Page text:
Exploring the turn of the Century stories of Cowgirls for the first collection of SOMERVILLE takes us over the Atlantic to the Western American territories such as Montana, Texas and Oklahoma. The workwear staples of jeans and shirts that came out ranch living is well known, but there’s a forgotten narrative about the pioneer ladies of the Wild West.
It was here that self styled sharpshooters, women like Bertha Blancett and ‘Queen of the Range’, Lucille Mulhall showed that they were a match for any man. These distinctive women were different to their urban sisters, with their outstanding riding and shooting skills they blazed a trail for the beginnings of a new kind of feminism.
Annie Oakley made it a personal mission to ensure that every woman she knew could load and shoot a rifle and helped many into employment and independence with her earnings, advocating a new active feminism on the back of her own hard won success.
Clothing wise, the Cowgirls adapted what was a given for the men rounding up horses and managing the Rodeo, and tailored it for themselves. They eschewed the demure side-saddle, riding split leg in trousers or gaucho pants. Gingham and plaid cottons - farmworker fabrics - were cut up and tied into bandanas and neck ties. Shirts were altered given feminine frills or quirky detailing. This is where we got our inspiration for the first collection, upping the decadence by recrafting the plaids, motifs and neckties in silk.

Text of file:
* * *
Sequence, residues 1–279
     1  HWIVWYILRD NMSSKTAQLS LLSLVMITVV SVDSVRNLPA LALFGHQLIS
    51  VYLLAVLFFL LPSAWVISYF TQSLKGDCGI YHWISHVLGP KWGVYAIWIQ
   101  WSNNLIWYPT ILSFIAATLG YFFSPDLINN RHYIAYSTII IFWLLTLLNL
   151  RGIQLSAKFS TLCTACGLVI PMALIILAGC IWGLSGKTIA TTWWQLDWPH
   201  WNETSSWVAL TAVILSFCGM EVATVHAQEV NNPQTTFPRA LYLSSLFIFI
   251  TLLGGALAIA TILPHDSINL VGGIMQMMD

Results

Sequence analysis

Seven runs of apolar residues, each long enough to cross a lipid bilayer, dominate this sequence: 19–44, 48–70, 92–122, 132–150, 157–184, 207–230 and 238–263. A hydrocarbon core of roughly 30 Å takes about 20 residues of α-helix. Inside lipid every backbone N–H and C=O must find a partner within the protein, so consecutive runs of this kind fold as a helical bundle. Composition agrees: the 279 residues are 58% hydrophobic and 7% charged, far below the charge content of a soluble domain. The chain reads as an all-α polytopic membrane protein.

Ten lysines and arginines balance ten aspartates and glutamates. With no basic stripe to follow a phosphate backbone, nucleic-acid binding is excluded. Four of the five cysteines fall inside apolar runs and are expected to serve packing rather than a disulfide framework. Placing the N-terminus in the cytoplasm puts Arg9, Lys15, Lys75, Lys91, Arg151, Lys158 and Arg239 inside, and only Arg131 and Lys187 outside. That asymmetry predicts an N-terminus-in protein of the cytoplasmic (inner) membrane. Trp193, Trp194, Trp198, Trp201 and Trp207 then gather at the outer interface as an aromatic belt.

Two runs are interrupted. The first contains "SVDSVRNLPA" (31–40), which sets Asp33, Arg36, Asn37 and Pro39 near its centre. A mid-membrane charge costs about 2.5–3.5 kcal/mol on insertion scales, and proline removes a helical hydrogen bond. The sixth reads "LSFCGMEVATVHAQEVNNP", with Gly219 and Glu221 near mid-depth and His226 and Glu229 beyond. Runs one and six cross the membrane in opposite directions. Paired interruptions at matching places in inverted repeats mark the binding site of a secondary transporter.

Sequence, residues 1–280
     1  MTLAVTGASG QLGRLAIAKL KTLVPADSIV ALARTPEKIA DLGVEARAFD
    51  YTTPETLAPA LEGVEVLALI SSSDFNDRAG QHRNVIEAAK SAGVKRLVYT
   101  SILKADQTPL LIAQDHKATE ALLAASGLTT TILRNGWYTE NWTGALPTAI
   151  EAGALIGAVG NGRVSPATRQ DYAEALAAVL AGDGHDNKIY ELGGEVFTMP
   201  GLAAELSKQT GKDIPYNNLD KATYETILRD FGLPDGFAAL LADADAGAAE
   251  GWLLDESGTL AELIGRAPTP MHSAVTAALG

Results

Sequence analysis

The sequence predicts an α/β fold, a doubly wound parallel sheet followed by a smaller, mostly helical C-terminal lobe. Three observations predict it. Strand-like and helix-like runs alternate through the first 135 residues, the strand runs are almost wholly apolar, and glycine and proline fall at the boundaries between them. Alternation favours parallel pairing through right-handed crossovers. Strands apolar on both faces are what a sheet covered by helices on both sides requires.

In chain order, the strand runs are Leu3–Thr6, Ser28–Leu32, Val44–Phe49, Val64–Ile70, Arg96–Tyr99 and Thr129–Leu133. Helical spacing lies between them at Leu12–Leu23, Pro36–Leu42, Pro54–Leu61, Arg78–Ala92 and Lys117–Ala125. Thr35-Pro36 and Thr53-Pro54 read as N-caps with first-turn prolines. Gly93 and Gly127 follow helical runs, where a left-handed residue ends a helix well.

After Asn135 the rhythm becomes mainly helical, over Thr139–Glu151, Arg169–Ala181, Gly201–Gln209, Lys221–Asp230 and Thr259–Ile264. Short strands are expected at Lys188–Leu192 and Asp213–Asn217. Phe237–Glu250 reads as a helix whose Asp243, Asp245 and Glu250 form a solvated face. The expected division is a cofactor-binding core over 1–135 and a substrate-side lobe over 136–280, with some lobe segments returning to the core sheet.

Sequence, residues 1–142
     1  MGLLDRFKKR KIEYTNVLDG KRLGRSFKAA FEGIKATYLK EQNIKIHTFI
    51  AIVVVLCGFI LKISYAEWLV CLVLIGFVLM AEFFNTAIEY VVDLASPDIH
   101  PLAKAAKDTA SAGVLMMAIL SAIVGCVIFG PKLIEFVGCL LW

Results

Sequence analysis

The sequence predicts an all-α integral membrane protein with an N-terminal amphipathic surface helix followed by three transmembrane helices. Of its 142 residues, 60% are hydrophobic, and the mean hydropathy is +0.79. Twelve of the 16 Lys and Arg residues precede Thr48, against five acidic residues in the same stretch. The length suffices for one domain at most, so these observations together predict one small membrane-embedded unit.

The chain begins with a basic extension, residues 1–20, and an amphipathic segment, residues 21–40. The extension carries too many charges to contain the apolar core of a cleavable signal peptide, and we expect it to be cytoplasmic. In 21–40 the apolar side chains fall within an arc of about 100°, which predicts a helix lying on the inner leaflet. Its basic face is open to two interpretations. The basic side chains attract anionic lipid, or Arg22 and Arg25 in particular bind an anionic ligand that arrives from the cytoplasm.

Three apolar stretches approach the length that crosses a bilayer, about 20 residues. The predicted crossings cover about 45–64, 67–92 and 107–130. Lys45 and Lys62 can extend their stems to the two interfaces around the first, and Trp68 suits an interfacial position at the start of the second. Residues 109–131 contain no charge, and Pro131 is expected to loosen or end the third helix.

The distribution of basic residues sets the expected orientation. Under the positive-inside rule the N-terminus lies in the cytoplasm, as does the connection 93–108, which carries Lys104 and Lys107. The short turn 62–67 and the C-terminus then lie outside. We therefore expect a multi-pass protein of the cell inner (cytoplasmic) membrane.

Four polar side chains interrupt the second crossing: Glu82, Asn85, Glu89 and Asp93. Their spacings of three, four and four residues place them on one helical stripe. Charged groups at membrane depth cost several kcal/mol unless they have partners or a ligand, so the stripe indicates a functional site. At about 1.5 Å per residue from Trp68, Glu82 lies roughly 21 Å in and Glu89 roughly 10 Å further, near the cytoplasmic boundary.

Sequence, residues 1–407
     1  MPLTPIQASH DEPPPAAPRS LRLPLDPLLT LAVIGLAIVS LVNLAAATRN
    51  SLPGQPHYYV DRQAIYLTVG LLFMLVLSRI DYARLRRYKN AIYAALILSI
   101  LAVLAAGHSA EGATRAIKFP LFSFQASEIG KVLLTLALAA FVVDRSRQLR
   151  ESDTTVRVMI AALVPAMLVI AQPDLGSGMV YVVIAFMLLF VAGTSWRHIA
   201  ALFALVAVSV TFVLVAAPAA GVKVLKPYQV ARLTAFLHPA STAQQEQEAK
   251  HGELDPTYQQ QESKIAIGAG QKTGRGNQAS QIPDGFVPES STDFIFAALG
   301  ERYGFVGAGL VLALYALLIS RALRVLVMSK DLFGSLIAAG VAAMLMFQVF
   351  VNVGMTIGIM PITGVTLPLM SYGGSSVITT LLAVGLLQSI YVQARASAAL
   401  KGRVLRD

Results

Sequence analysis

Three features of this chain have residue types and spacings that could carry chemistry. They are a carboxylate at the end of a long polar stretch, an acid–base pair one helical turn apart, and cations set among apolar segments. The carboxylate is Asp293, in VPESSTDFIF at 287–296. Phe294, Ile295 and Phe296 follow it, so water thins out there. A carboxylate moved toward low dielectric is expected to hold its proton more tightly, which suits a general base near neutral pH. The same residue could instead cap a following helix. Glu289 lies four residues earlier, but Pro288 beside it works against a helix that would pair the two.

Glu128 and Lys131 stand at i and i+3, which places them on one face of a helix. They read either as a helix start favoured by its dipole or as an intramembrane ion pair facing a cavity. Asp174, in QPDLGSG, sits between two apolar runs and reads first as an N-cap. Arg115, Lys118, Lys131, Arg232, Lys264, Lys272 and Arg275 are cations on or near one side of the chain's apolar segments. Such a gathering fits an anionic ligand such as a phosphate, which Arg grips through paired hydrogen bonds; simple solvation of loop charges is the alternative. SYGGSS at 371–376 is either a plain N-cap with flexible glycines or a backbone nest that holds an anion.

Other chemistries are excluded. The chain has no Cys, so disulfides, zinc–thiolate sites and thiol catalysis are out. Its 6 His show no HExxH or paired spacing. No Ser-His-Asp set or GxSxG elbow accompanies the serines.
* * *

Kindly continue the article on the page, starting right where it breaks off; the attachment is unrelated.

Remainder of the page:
Cowgirls were women who could speak up and out, take a stand and take no excuses. They have become synonymous with a spirit not just a career. And so we find cowgirls amongst modern women as they strive to achieve in their own worlds, whether that’s ranching, attorneys, astronauts. We salute them.